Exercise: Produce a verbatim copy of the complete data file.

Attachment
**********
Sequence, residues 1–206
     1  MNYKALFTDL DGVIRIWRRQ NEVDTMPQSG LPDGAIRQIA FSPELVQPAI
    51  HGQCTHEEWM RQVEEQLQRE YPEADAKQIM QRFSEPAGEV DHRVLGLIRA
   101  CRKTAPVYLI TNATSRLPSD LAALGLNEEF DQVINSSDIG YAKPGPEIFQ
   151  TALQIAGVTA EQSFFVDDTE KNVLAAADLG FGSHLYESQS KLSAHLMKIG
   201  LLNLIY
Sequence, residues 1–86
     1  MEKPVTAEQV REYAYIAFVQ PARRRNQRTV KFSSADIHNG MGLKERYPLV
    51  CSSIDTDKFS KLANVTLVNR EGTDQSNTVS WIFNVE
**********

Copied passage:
Sequence, residues 1–206
     1  MNYKALFTDL DGVIRIWRRQ NEVDTMPQSG LPDGAIRQIA FSPELVQPAI
    51  HGQCTHEEWM RQVEEQLQRE YPEADAKQIM QRFSEPAGEV DHRVLGLIRA
   101  CRKTAPVYLI TNATSRLPSD LAALGLNEEF DQVINSSDIG YAKPGPEIFQ
   151  TALQIAGVTA EQSFFVDDTE KNVLAAADLG FGSHLYESQS KLSAHLMKIG
   201  LLNLIY
Sequence, residues 1–86
     1  MEKPVTAEQV REYAYIAFVQ PARRRNQRTV KFSSADIHNG MGLKERYPLV
    51  CSSIDTDKFS KLANVTLVNR EGTDQSNTVS WIFNVE